About this site

From Michael Shanks, archaeologist at Stanford.

About Michael Shanks – [Link]
Studio Michael Shanks – an archaeology lab at Stanford University – [Link]
Archaeology – [Link]

Design Thinking and Strategic Foresight – [Link]
Projects – [Link]
Manifestos – [Link]
Main research findings – [Link]

Consulting and outreach – [Link]

Exploring what matters to us now and for the future by using the archaeological imagination

Just as you would lose your identity and your orientation upon the world if you had no memories, so too any project for the future must be rooted in the here and now – the way the past has created the present. This applies to us all, as individuals, in our communities, institutions, businesses and organizations. Wiping the slate clean is no option, and attempts by states, politicians, and communities to do so have had grievous consequences.

This is an archaeological point of view. Archaeology is an aspect of the way we all connect with the world and with each other – it’s about how the past gets mobilized in the present with a view to the future.

So yes, archaeologists do what everyone expects them to do – dig up the past, rummage among the remains of cultures great and small, asking fascinating questions about what happened and where we’ve come from. The historian in us may well be more interested in what happened in the past. We are all also using our archaeological imagination in looking at where we have come from with a care for the future, for what the present-past may hold.

The archaeological imagination brings broader perspective, because we step back to get a bigger picture

  • are we so different now and facing very different challenges to our forebears?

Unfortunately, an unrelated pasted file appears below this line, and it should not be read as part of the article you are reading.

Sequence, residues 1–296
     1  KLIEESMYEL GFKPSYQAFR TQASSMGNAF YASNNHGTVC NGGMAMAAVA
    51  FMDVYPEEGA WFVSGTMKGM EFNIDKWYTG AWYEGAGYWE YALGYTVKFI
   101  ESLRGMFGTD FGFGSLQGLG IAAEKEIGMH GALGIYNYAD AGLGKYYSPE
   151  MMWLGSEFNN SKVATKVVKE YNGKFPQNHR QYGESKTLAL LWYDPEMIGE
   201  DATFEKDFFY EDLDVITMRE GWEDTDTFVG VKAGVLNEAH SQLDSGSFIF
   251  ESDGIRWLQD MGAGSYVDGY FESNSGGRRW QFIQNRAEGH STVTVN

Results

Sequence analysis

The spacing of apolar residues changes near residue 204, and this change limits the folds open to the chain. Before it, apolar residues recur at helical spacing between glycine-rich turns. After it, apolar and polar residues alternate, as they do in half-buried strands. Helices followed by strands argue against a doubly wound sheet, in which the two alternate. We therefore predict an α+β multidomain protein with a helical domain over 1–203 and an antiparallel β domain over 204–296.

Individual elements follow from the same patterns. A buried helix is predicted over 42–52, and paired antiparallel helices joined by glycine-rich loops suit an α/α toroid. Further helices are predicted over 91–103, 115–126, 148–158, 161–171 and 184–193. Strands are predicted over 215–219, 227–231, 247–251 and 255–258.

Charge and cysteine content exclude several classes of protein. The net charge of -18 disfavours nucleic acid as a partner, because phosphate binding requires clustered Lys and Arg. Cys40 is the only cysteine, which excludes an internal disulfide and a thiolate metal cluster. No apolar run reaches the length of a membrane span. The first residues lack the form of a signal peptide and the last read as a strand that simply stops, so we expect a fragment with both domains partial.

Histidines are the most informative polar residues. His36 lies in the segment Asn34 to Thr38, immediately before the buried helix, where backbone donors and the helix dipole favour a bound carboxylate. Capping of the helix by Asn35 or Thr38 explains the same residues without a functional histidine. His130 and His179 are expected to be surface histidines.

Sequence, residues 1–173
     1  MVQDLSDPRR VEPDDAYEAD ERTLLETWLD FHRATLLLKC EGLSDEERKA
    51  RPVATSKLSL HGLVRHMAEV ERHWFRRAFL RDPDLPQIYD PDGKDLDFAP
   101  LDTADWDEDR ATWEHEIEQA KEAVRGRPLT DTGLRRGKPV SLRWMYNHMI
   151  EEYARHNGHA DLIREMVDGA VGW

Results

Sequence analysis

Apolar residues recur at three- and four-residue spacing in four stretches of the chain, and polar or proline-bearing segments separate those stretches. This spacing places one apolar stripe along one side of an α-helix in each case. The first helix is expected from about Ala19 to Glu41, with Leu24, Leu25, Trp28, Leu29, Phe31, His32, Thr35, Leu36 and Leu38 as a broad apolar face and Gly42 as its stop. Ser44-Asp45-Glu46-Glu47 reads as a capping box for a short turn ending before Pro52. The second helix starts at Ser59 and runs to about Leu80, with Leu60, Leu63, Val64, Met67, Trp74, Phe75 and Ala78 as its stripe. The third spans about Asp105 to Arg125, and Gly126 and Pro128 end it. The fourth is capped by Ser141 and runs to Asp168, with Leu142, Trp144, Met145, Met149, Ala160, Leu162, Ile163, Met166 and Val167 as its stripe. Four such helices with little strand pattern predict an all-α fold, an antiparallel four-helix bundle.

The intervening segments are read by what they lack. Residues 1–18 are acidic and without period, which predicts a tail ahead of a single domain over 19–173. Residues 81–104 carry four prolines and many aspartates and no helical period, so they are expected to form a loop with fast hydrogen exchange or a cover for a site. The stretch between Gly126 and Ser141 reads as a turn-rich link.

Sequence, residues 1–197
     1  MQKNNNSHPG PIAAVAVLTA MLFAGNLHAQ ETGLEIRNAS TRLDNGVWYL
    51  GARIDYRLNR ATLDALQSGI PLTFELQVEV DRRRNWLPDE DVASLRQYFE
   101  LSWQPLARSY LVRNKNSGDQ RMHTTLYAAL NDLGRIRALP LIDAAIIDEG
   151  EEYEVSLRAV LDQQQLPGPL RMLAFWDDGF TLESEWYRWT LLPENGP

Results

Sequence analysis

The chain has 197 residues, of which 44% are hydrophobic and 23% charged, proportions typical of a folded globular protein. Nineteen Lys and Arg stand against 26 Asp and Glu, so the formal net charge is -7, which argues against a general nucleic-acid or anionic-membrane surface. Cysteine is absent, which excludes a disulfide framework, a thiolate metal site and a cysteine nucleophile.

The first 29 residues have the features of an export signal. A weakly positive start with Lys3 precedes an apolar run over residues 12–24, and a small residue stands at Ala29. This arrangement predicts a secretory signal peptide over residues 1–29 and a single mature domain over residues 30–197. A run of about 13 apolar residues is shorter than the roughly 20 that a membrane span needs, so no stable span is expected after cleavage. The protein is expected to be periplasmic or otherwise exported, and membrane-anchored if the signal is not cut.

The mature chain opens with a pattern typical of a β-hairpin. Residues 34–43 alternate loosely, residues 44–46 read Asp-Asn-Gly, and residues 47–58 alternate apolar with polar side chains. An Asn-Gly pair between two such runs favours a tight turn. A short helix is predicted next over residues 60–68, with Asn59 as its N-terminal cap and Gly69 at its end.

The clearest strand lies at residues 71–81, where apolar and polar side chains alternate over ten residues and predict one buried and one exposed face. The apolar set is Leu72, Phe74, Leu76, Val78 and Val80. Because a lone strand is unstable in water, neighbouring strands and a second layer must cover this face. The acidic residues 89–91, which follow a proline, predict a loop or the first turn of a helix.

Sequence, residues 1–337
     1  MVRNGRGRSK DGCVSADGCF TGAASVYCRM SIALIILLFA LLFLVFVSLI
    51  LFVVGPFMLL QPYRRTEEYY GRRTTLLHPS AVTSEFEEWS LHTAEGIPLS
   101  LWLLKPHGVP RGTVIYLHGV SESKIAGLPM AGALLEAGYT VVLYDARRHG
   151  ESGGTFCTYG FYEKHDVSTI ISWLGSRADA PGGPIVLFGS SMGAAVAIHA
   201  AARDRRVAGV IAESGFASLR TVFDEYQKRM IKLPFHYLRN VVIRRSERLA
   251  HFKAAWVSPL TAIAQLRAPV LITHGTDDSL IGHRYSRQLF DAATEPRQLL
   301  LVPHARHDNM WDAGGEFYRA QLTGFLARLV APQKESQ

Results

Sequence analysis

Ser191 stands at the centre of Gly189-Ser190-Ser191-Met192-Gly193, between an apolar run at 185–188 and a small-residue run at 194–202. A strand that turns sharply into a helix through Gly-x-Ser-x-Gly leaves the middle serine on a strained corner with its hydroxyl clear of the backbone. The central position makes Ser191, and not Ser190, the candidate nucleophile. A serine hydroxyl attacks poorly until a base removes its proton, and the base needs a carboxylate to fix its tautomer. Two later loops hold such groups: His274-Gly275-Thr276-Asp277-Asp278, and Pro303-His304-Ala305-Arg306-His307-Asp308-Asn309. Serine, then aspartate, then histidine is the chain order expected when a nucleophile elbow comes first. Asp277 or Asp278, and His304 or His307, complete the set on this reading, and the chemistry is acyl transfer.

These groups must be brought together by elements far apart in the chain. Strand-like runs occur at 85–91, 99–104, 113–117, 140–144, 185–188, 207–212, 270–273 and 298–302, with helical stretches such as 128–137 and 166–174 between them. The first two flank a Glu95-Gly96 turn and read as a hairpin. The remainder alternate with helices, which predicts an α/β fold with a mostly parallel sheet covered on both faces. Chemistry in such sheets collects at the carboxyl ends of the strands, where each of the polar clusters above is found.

• what can life in ancient cities tell us about the prospects of urban development in the near future?
  • we think were living in the midst of a new technological revolution – is this an appropriate way to look at things today?
  • using the broadest range of case studies, just what does drive social and cultural change? (Spoiler – it is rarely, if ever, what we call technology)
  • what are the major trends today – waves from the past carrying us forward?

An archaeological view from Silicon Valley

Based at Stanford University and living in the heart of Silicon Valley’s tech industry, I have been prompted to ask just what is happening in a digitized, information oriented, globally connected world. This has involved raising a family here. And then I started teaching design with Bernie Roth, Bill Moggridge and Meghann Dryer.  Archaeology is about people and their intimate connections with things, with artifacts and buildings, with the environment, and for as long as we’ve been human. Archaeology is a key to the big picture for understanding manufacture, design, making, creativity, innovation — where hand, heart and mind connect. On these grounds our class in Stanford’s d.school sucked me into an extraordinary feature of the Engineering School —  its long pursuit of what gets called human centered design – attending to people’s needs and desires in designing devices, products, services, experiences. And in connection with all that drives this place – the techno-utopianism of California’s lost counterculture, disruptive innovation, social software and collaborative media, artificial intelligence and technological singularity, nanotech and biotech, and corporations with more cash than nation states intent on engineering solutions to challenges real and imagined.